Since this pandemic struck the world has seemed to turn upside-down. But I think one of the silver linings is the enforced change in life itself. We cannot know what the future holds and this has caused us to take one day at a time. And that is not such a bad thing. Yes, it would be good to make plans again, especially for such things as weddings, vacations, and the like. Yet, living one day at a time has advantages too. We tend to savor the good things, knowing just how fragile life really is. And we become more courageous in our day to day living. As the pandemic continues to follow us like the proverbial dark cloud we begin to adjust. The fear loses its iron-clad grip, even as we continue physical distancing and health protocols. We’ve become more aware of all we’d previously taken for granted like the company of family and good friends; like the hugs from those dear to us; like the simple pleasures such as neighborhood gatherings; like the freedom of any social gatherings at all. We have taken so very much for granted.

 The pandemic came and forced us to really look at our lives and all the blessings we often overlook. What once seemed like a daily grind: the alarm clock going off in the morning; the drive, walk, or commute to work; the daily tasks wherever we might be employed, now all of it seems more like a daily blessing instead. At least, for those of us who were gainfully employed. Of course, there are many who were considered “essential workers” such as medical staff, delivery people, food processors or producers, grocery store workers, and more, who have worked tirelessly throughout these weeks of lock down So many of these people we have also taken for granted. When this is all over, and I fervently hope that day will come sooner rather than later, I hope we no longer take so much for granted. I hope we continue to take care of one another. I hope our eyes are fully opened to the magic and the mystery of this marvelous thing we call life.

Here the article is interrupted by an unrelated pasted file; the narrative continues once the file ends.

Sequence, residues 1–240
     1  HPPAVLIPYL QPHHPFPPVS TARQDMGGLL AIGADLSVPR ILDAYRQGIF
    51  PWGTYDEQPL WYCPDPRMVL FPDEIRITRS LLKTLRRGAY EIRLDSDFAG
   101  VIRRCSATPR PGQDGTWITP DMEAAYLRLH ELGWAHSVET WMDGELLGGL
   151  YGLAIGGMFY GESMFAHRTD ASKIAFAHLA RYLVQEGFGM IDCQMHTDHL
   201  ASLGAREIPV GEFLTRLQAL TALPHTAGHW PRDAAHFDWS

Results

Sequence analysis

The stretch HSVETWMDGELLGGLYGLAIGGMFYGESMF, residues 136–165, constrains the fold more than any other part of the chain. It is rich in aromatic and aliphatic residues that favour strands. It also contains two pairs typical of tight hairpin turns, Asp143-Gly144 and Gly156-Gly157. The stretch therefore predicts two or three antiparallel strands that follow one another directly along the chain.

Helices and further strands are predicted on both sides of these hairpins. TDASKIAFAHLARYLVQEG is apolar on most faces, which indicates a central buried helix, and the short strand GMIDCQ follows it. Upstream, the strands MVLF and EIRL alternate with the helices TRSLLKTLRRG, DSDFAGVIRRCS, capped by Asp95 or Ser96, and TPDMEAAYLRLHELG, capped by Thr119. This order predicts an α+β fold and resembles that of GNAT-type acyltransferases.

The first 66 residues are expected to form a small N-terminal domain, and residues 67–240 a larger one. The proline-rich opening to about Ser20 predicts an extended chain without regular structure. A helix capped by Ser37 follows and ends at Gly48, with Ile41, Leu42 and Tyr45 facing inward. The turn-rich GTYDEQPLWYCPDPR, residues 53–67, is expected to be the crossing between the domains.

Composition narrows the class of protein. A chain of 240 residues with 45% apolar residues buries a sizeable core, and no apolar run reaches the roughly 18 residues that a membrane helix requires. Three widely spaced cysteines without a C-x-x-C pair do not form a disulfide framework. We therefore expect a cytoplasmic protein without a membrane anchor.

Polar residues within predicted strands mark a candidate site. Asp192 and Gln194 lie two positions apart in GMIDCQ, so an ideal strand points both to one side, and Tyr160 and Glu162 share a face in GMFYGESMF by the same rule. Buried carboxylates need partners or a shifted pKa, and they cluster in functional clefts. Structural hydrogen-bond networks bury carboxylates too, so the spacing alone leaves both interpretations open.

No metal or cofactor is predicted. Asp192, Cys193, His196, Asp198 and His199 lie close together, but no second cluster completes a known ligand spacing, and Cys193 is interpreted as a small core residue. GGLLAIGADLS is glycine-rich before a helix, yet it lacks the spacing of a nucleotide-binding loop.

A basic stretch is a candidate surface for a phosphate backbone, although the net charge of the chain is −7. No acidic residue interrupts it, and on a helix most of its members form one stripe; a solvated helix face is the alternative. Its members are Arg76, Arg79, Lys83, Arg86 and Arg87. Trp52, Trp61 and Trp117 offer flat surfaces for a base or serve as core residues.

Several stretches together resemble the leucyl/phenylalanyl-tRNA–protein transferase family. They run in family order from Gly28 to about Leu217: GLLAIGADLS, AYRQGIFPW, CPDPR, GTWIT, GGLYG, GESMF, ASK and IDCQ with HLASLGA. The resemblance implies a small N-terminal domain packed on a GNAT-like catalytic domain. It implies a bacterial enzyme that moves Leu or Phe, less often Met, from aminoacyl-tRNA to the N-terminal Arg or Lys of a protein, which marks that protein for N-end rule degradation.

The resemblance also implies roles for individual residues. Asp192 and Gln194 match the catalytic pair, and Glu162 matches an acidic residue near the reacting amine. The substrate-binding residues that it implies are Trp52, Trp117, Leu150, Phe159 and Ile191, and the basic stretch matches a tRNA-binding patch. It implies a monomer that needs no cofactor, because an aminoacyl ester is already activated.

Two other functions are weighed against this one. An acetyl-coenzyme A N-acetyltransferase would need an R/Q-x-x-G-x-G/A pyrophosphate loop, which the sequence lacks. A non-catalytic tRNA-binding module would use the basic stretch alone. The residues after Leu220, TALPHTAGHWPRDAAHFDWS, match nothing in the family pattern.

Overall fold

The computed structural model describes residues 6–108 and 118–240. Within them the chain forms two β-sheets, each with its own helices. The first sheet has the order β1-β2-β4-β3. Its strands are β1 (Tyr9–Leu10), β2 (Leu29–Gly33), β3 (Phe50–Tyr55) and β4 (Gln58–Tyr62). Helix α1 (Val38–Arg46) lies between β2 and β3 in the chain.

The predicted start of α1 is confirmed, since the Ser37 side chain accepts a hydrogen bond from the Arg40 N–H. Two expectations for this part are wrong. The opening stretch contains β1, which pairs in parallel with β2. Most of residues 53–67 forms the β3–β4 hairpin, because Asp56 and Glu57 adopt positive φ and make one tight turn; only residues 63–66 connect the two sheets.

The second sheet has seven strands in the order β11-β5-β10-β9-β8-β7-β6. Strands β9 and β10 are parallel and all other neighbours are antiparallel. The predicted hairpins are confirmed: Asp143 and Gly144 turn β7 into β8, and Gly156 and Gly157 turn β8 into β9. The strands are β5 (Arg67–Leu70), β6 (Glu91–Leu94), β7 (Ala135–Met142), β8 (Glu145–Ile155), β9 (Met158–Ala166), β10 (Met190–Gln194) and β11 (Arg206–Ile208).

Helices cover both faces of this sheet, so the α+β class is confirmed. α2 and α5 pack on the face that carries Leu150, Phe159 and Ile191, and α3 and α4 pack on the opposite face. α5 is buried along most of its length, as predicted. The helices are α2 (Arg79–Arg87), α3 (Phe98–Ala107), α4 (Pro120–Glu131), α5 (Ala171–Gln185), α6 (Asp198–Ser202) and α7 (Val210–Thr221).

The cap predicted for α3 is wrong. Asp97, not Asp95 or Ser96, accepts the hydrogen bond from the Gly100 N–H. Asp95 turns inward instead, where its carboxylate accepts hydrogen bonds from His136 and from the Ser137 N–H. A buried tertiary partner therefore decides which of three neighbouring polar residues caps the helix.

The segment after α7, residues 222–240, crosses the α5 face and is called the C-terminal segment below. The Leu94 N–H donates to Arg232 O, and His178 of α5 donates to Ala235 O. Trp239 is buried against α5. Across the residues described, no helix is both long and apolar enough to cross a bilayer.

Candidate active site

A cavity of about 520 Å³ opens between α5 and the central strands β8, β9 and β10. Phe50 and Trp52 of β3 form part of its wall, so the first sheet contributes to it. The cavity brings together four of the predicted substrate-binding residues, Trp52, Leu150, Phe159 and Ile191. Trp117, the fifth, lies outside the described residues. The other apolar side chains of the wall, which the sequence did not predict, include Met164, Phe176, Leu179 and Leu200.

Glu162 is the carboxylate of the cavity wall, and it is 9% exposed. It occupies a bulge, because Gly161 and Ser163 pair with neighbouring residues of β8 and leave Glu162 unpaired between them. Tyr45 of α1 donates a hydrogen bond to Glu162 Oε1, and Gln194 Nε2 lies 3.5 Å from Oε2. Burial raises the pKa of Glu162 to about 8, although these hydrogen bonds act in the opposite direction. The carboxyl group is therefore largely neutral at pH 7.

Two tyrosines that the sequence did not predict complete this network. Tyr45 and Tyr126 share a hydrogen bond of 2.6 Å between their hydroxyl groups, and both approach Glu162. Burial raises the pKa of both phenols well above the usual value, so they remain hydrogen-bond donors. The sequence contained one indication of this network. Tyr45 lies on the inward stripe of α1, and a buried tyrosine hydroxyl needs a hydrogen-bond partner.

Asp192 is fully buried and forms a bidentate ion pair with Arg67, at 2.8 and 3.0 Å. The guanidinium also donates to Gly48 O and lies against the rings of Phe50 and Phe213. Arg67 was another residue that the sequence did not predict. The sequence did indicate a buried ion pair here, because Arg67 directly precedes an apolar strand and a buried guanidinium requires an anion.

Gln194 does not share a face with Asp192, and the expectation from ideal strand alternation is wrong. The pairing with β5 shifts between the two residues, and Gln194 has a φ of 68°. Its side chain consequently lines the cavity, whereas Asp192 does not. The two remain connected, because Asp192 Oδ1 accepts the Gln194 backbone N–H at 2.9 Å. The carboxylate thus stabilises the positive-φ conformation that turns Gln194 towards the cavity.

10 thoughts on “Topsy-turvy World

  1. Beautifully said! For me the moment the grip of fear was alleviated was on noticing that the pandemic was essentially a human problem. My garden still grew, the parrots, lyrebirds, snakes and goannas still wandered across my lawn, the rocks still sat in the sunlight. It reminded me that my existence in the world is a tiny thing, but then so too is humanity’s place in the world. Despite all the impacts we have on everything, we are really not anything much on the scale of a planet, much less a universe. That gave me hope in a strange way.

    Liked by 2 people

    1. Yes!!! When I stop and consider my very, very small place in the world in all its grandeur it makes me so grateful to have had the blessing of existence at all! Life will go on with or without my presence here. But while I am here I will do my best to practice gratitude for all life’s wonderful gifts.

      Liked by 1 person

  2. Excellent post and thoughts Carol. If nothing else, the pandemic has shown us that a life fulfilled can be achieved through getting back to a more simpler existence. Time with family; simple pleasures; going for a walk.

    We have taken so much for granted in the past, that hopefully moving forward we learn to live each moment with great passion and love. Because, as we found out it can all be gone in a flash.

    Liked by 1 person

    1. This brings to mind the song, “You don’t know what you’ve got til it’s gone”. that’s not the title of it but one of the main lyrics.

      We do take life for granted and this pandemic has made us all more aware of our many blessings (at least I hope so).

      Thank so much, Glen.


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